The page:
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A Separate Peace

by John Knowles

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What does Gene do when Quackenbush accuses him of being maimed and why? Could Gene be considered maimed?

Quick answer:

Gene is extremely sensitive about the term "maimed," especially when used to describe Finny, and he reacts with anger whenever it is used. Gene's behavior reveals that he is still emotionally wounded by his involvement in Finny's accident and still feels guilty about it.

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In chapter six, all of the boys at Devon are required to participate in a sport during the term and Gene signs up to be the assistant manager of the crew, which is a difficult, "nonentity" position usually filled by boys who are injured or physically handicapped. Gene mentions that he signed up for the position to work like an automaton and desires to be left alone. Unfortunately, the crew manager, Cliff Quackenbush, dislikes Gene and is determined to give him a difficult time. After Cliff Quackenbush critizes Gene for becoming an assistant manager his senior year, he tells Gene to go to hell before saying, "Listen you maimed son-of-a-bitch…" (Knowles, 39). Gene responds by punching Quackenbush directly in the face and the two begin to fight before falling into the Naguamsett River. Gene is motivated to strike Quackenbush because he is filled with extreme guilt and anger stemming from Finny's accident, which left his best friend maimed. Gene is still sensitive and guilt-ridden regarding his involvement in Finny's injury and reacts with anger whenever Quackenbush uses the term "maimed," which he associates with Finny's condition. In a sense, Gene is emotionally maimed because he is conflicted, guilty, and unsure of himself. Gene has irrecovably changed since Finny's injury and is have difficulty forgiving himself. His insecurities and anxiety resulting from his traumatic experience has figuratively "maimed" him.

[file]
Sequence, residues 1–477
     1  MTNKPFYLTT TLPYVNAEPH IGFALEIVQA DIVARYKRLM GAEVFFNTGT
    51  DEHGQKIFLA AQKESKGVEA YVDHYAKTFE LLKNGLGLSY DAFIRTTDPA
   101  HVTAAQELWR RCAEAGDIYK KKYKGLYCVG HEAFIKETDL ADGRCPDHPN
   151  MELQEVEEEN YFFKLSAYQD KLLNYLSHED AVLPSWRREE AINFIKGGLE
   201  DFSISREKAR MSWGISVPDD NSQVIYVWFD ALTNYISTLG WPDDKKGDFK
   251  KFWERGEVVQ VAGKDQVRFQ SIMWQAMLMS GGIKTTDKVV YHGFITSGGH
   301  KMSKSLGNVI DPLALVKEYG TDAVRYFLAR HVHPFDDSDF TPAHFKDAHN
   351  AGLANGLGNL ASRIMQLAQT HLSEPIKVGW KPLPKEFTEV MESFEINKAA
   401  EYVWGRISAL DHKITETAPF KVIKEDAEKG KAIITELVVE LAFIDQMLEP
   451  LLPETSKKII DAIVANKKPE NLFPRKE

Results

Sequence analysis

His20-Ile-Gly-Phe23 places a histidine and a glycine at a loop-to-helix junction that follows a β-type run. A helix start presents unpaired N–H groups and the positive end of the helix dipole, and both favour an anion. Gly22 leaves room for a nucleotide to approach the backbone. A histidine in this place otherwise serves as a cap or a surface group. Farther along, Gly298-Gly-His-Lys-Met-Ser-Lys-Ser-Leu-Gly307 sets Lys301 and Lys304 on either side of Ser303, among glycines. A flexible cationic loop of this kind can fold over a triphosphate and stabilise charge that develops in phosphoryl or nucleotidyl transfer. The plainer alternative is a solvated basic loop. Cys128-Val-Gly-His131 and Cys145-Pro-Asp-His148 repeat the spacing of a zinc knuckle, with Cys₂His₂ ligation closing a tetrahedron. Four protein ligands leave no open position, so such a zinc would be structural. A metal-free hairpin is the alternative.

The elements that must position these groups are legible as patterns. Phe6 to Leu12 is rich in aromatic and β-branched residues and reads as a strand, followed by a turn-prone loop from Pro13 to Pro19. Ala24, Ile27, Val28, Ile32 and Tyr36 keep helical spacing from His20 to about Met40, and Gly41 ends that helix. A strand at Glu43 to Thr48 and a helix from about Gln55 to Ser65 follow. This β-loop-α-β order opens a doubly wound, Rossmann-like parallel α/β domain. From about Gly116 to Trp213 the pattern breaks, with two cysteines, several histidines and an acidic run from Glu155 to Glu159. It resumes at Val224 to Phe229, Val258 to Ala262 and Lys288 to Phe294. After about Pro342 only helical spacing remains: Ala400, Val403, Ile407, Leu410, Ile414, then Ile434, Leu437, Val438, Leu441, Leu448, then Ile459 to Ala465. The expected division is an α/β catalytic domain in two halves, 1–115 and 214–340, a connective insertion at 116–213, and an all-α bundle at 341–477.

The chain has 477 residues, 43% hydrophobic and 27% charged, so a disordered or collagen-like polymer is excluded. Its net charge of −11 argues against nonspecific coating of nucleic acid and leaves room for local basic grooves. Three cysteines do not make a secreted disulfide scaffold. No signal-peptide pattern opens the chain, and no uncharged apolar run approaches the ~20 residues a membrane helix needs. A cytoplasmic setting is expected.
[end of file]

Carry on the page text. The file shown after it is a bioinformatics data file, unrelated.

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This occurs when Gene is securing his role as the Assistant Crew Manager. This is not an honorable, but a mocking position for a senior. Gene starts a fight with him. The two end up wrestling through the fight falling into the river.

I think Gene's purpose for responding this way is that he has an over-sensitivity to the word maimed because of it's significance about what he knows he's done to Finny. To have crippled someone else and that someone not knowing is maiming Gene from the inside out.

Gene's spirit has been crippled at the loss of Finny's ability to be himself. Gene is crippled by guilt. Gene is crippled by untruth.

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